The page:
If I passed their sway-backed house on a summer day,
like anyone in town I’d hear Fred scraping
his cherished rosewood fiddle,
which is now just char.
Hazel would be singing, no better than her husband played.
Neither one cared. They made their music for fun–
and I made fun of them both.
Then came fire.
I feel odd guilt to consider their frailty,
And I wonder, What am I here to see?
Out of nowhere I think of an early love,
and how often I laughed at her dreams of being a painter,
at what she hoped but was simply unable to save
with shapes and colors on canvas.
Of course she left me.
My life has been more capacious than I deserve,
but in those days, how loss scorched my soul!
I was all but speechless. She later died of an illness,
I reflect that after her fire for me
had cooled and soon enough simply guttered,
I sometimes wished catastrophe would strike her.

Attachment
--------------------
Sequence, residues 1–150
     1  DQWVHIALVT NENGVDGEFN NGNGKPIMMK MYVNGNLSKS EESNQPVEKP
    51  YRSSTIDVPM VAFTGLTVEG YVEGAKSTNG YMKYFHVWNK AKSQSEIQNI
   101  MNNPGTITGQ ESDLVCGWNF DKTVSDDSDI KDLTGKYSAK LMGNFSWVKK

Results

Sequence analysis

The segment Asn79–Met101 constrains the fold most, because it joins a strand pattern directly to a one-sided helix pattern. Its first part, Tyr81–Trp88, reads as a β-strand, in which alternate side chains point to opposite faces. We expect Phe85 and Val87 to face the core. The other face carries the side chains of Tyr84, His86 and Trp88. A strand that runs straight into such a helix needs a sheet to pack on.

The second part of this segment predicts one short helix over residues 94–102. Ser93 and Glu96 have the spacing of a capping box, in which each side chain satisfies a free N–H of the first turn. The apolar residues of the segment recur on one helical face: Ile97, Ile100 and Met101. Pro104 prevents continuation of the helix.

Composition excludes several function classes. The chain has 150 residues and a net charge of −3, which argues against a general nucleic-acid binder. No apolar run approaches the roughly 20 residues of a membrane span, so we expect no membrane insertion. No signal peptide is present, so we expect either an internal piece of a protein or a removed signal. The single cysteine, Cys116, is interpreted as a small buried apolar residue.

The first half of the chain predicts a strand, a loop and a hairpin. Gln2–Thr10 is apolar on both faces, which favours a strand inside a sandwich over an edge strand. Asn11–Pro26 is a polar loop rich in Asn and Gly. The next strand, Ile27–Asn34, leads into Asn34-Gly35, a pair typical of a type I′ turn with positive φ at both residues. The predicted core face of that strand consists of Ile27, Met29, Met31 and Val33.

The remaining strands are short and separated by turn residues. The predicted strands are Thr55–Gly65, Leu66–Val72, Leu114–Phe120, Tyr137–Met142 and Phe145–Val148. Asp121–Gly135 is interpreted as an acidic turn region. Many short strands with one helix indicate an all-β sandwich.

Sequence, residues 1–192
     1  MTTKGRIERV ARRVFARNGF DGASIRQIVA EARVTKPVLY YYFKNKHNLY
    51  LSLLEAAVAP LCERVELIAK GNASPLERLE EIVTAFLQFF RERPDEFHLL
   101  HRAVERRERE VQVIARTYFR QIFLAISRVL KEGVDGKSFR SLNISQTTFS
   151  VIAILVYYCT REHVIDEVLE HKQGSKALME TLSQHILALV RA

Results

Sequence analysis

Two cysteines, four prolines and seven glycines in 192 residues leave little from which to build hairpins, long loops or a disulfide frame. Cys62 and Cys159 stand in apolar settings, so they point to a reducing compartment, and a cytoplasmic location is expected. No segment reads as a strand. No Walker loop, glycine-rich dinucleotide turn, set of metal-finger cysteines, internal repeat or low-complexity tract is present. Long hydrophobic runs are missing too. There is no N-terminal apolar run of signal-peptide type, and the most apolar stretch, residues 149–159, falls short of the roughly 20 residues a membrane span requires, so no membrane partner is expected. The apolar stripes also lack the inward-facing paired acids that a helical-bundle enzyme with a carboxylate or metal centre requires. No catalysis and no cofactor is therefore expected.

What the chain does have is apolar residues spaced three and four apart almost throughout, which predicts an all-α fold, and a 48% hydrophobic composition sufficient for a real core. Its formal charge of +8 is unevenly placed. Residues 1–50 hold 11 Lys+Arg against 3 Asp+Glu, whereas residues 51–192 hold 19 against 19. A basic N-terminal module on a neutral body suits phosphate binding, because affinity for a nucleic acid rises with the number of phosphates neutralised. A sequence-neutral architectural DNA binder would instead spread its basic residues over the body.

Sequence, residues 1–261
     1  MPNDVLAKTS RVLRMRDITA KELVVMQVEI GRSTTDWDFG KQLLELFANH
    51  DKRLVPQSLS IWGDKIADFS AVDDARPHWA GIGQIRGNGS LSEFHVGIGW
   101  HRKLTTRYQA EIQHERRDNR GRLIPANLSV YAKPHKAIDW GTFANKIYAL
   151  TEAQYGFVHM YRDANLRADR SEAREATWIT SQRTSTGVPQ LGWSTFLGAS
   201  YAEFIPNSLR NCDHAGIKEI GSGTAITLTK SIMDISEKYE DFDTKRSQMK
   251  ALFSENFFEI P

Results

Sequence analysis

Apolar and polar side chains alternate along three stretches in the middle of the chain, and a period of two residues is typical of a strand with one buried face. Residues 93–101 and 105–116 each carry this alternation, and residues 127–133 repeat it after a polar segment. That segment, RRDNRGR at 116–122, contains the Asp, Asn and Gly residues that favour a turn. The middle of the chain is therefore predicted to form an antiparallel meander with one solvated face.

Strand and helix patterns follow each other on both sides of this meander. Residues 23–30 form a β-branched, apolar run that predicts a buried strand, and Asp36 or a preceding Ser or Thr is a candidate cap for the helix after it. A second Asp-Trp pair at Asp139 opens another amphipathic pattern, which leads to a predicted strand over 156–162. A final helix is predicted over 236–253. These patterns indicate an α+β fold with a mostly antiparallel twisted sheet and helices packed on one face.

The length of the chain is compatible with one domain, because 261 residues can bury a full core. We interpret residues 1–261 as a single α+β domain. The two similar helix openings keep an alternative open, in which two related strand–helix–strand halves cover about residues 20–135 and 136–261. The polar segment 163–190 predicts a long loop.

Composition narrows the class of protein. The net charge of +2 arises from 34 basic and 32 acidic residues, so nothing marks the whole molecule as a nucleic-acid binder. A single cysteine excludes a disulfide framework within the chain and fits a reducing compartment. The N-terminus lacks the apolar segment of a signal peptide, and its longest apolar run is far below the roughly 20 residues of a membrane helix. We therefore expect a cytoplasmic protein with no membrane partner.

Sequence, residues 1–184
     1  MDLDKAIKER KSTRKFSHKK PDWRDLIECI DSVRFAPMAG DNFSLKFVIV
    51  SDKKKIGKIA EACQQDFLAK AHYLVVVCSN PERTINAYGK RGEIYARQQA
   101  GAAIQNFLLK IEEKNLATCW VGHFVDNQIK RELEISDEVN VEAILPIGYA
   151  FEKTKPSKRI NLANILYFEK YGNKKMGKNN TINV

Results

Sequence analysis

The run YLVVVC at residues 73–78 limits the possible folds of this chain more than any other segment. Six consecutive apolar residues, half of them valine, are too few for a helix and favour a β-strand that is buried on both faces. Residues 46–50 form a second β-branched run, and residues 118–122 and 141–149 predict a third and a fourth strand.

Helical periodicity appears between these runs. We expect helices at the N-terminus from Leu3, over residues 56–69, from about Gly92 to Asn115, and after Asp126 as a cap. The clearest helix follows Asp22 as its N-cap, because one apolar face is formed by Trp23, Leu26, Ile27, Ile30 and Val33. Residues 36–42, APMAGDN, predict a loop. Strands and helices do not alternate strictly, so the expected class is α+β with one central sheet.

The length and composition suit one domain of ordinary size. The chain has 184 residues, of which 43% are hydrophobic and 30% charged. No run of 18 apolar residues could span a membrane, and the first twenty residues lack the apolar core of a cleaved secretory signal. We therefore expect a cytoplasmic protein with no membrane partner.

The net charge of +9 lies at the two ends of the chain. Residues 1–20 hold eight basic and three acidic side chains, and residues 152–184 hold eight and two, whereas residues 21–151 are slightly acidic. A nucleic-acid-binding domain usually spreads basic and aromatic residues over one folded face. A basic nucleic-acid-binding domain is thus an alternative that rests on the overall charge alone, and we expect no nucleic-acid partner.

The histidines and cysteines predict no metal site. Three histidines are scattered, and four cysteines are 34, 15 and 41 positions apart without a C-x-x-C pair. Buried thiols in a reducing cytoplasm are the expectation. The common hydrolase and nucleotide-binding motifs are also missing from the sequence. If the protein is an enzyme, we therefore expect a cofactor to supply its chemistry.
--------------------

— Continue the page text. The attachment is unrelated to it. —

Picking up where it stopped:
Fred and Hazel, reduced to cinder:
that was a shock and a shame.
But more vanished too, some even beforehand.
The children they bred in that old house
had moved far off years back,
though they’ve come today to reap what little they may.
Their son and two daughters are here,
unlike the initialed silverware;
the tunes we mocked;
crude watercolors Fred wrought of sunsets,
snowstorms, birds, old barns, and deer;
black wisps on blackened couch and chair;
old photographs of his and her parents,
long gone, now gone again. And again
I’m thinking of goneness,
the way my lover would dip the brush in paint
and scowl, as if in pain.
Here, so little remains to sell, it’s absurd.
The auctioneer stumbles, searching for words.